Burger King's new climate change effort: Altering cows' diet to reduce emissions
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Fast food giant Burger King announced Tuesday that it is changing the diet of some of the cows it uses to create burgers in an effort to reduce methane gas, a major contributor to climate change.  

In a Tuesday statement, Burger Kind claimed that by adding 100 grams of dried lemongrass leaves to a cow’s daily feed, the company was able to see a reduction of up to 33 percent in methane emissions in the last three to four months of a cow's life. 

“The good news is that this reduction was powered by a natural plant that grows from Mexico to India,” Burger King said in a Tuesday statement. The fast food chain said it worked with researchers from the Autonomous University of the State of Mexico and University of California-Davis to conduct research on creating the new menu for cattle.

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The company said that it is making the “Cows Menu formula” free for all beef and cattle producers to use in hopes that other farms and suppliers can test the initiative and also reduce methane emissions. 

“By working together and getting the whole industry to adopt the open source formula, we can potentially reduce methane emissions,” the company said.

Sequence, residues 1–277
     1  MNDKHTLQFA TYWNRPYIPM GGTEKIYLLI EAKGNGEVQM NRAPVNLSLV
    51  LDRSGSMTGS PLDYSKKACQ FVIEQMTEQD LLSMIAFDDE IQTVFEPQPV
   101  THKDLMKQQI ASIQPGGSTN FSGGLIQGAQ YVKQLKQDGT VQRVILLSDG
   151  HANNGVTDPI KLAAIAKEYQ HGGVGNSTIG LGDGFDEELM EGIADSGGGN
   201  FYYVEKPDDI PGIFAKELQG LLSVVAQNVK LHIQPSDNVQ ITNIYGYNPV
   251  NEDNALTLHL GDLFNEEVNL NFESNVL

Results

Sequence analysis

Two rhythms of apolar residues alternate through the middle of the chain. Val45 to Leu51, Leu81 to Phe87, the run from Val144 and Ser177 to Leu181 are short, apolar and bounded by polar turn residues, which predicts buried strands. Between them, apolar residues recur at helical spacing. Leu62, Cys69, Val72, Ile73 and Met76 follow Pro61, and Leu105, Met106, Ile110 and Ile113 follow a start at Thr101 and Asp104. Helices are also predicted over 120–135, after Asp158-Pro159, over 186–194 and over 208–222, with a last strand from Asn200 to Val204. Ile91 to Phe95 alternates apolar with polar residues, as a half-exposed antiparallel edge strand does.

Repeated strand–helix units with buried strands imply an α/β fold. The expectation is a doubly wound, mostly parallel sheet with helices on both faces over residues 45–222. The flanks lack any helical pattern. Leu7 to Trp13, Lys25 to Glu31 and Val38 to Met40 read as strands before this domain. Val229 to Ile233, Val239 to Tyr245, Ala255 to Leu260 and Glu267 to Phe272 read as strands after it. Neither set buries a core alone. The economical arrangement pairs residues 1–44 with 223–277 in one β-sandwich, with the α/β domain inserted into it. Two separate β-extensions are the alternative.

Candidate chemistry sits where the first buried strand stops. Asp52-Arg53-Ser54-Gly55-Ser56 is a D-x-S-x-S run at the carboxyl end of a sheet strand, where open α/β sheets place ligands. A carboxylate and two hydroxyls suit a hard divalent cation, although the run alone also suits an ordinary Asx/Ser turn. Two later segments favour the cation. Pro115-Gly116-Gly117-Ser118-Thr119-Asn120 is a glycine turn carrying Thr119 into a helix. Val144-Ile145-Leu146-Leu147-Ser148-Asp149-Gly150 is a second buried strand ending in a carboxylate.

“Burger King recognizes that global beef production and consumption have considerable climate impact. But we equally know that farmers and ranchers around the world care deeply for their land and their animals,” it added.

The agricultural economic sector contributes more than 9 percent of all greenhouse gas emissions in the U.S., according to the Environmental Protection Agency, and methane from livestock makes up more than a quarter of the emissions from the sector, The Associated Press reported on Tuesday.

Burger King said that it is currently working with partners in Ireland, Austria, Mexico and Brazil to expand the initiative and perform additional tests on the use of lemongrass. 

The “reduced methane emissions beef” is set to be available for customers at Burger King locations beginning Tuesday. It will be used for the Whopper and other burgers served at select restaurants in Miami, New York, Austin, Los Angeles and Portland.

Burger King also offers the plant-based "Impossible" Whopper, which contains no meat.

The company released a video Tuesday featuring children singing a country song previewing the new initiative.

“When cows fart and burp and splatter, well it ain’t no laughing matter. They’re releasing methane every time they do, and that methane from their rear goes up to the atmosphere and pollutes our planet warming me and you,” the children sing.